Here are ten good road trips from Saskatoon. All of these picks are within an hour or so of the city.
Now that the snow has more or less melted I’ve got the itch to do some spring travelling on the open road. Finding good road trips from Saskatoon can be a cost-effective way to satisfy your wanderlust to more exotic destinations. And these places definitely won’t break the bank.
If you’re planning to get out of town for the weekend, here are ten of the best spots to check out within an hour of Saskatoon’s city limits. Each of these destinations will take you to an unexpected locale that’s far enough away while remaining close enough that you won’t need to get a room for the night.
Got the spring travelers’ itch? Scratch it off at one of these destinations. This is your pick ten for good road trips from Saskatoon.
Kick up your heels at Danceland on Manitou Beach.
If you’re like me you love to dance in the moonlight. But it can really wear you out if you’re on your feet all night at a regular bar or club. That’s when it’s time to take a special trip to Danceland, or “the world famous dancefloor built on horsehair”. Your tootsies will love you for it!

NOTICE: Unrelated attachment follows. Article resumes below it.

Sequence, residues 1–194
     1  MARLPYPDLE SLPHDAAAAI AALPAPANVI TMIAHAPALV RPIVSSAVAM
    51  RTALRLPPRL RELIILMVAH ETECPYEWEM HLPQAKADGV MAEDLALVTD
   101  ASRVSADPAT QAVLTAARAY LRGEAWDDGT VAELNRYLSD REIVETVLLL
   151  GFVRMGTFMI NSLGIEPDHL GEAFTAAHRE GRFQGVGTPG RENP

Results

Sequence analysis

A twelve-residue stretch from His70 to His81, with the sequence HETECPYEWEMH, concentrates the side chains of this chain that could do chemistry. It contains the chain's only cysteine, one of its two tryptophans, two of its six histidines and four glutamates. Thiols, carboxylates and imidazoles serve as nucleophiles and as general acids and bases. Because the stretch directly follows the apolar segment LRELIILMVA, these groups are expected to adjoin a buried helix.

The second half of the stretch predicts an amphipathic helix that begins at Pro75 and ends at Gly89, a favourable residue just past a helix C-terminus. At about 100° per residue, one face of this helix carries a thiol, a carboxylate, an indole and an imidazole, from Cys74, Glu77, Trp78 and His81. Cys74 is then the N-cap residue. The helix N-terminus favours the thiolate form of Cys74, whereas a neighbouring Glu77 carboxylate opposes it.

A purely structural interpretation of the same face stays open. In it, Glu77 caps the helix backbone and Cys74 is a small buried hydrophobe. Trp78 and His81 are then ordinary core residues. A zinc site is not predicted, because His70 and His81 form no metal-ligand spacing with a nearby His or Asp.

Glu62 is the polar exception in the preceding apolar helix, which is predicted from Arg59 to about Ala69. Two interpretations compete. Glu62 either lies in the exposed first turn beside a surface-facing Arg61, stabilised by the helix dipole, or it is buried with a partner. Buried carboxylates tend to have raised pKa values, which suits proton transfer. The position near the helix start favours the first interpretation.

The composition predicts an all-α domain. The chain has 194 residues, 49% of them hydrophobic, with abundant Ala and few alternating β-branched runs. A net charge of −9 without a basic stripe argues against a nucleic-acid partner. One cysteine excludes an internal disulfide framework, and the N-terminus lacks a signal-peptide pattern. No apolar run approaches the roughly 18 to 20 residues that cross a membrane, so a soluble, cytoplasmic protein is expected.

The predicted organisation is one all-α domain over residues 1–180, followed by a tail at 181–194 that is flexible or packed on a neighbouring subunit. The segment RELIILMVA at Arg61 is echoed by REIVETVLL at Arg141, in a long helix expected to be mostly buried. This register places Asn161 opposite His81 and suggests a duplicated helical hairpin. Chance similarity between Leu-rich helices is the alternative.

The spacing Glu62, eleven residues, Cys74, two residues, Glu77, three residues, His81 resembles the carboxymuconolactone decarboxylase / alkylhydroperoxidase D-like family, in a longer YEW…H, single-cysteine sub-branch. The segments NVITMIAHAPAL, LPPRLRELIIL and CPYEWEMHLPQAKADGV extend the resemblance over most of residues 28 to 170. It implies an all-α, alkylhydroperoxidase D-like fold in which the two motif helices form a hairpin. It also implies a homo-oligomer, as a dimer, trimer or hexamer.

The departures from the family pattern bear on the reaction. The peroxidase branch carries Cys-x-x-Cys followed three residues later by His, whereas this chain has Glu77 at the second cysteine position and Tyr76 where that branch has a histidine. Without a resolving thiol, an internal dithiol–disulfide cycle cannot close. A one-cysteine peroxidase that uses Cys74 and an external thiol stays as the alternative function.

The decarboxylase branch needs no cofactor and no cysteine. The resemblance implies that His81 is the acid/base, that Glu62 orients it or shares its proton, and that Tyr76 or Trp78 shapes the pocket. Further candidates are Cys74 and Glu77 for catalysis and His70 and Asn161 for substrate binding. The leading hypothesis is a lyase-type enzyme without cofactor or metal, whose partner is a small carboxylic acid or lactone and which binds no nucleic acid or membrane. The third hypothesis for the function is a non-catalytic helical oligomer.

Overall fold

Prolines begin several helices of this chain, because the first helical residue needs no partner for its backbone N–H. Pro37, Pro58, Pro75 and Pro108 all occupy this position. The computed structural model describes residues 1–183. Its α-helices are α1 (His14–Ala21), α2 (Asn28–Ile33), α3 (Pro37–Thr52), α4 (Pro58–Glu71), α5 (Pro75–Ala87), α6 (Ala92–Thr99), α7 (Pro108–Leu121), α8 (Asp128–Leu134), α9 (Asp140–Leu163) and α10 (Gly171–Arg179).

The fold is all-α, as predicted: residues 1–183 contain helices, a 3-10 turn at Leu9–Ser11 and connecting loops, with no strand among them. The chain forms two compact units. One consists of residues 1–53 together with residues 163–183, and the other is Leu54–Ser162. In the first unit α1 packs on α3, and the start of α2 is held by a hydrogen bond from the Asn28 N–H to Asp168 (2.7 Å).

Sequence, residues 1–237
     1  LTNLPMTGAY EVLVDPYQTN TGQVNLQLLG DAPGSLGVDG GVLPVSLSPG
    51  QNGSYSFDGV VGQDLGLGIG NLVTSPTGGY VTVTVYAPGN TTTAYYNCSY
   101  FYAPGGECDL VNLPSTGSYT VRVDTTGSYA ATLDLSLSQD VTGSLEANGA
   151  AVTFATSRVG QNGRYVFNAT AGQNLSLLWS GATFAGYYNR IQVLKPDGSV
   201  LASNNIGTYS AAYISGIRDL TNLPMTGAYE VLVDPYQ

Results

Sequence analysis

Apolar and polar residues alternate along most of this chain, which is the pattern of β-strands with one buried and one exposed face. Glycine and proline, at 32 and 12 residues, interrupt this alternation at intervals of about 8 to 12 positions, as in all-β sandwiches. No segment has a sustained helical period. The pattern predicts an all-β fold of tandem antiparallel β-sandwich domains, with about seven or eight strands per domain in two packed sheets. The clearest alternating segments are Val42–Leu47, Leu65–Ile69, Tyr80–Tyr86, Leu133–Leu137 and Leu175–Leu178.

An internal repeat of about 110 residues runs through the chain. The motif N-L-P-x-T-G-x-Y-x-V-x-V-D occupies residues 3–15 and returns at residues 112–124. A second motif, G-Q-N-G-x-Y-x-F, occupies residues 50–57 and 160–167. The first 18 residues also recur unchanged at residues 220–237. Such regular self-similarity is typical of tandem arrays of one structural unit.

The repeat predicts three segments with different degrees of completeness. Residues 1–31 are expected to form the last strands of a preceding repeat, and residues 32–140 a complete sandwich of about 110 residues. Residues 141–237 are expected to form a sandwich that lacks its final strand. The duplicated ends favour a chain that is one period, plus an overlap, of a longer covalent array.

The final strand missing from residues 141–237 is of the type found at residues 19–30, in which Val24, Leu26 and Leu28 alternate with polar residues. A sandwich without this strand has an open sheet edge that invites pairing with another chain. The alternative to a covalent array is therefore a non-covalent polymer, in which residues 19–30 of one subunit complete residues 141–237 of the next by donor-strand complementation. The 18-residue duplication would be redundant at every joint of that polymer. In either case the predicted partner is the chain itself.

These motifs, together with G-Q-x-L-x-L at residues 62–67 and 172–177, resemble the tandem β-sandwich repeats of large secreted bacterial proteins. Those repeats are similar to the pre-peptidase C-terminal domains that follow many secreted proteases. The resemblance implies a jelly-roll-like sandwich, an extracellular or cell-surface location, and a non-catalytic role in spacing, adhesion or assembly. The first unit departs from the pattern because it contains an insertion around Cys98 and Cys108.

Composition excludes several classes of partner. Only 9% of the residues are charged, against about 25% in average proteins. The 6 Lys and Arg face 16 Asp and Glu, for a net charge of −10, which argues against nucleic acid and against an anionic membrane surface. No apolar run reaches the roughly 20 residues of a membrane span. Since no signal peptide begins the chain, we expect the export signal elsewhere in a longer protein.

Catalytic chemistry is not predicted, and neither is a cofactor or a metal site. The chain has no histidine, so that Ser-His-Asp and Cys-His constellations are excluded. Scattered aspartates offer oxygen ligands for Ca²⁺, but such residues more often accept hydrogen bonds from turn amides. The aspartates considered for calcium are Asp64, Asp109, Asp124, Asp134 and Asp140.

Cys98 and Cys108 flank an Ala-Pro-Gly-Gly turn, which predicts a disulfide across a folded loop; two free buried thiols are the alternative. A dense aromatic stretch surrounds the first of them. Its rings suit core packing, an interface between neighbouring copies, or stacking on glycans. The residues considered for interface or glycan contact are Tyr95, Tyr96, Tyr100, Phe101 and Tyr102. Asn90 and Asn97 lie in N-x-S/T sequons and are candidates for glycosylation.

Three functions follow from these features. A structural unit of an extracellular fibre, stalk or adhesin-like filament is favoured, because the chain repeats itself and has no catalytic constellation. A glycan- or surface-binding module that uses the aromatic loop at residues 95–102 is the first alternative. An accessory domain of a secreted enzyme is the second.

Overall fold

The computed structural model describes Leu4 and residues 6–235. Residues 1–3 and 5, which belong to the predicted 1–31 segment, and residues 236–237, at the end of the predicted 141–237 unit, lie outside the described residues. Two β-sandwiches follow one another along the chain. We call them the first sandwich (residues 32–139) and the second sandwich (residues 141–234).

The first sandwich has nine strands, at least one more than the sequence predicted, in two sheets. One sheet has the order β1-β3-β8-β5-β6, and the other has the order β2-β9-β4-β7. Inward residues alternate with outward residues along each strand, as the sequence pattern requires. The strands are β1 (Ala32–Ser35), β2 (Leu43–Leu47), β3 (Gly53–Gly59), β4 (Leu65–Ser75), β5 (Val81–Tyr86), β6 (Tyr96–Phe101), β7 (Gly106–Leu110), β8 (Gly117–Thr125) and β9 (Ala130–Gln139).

When I was around 16 years old my Aunt Alison planned a family trip to Danceland to celebrate with my grandma and her brother (my great uncle). I can’t remember what the celebration was for, but I do remember everyone having a really great time all night on the dance floor (including the grand kids all the way up to the grandparents).
Manitou Beach is also home to Canada’s largest indoor mineral spa, so make sure to plan accordingly for a truly memorable day trip.
Spook yourself silly at the Crooked Bush near Hafford.
Scientists have yet to explain why the Aspen trees are growing every which way but up. (Especially considering there is another set of Aspens right next to the crooked ones that are perfectly normal.) So locals have taken it upon themselves to develop many different explanations ranging from UFOs to lightening strikes.
While everyone is busy trying to explain the unexplained, I’ll be busy packing for a picnic lunch with the paranormal*.
*This natural phenomenon is considered a national treasure and one of Canada’s 54 Wonders. Please be respectful, so that it remains intact.
Go day drinking at Wolf Willow Winery in Outlook.
Saskatchewan has a new winery?! Why yes, it does! Wolf Willow is a seasonal winery that uses locally grown fruit to make their Cherry and Haskap vino. Plus, they have light fare to keep you grounded during an afternoon of non-stop sipping*.
*Buy your designated driver a bottle to sip when they get home.
**Pedestrian access is restricted on both bridges until enough funds can be raised to repair them.
FYI: If you remember swimming in the Regional Park as a kid, you’ll be happy to hear that they’re breaking ground on a new public swimming pool set to open in summer 2018.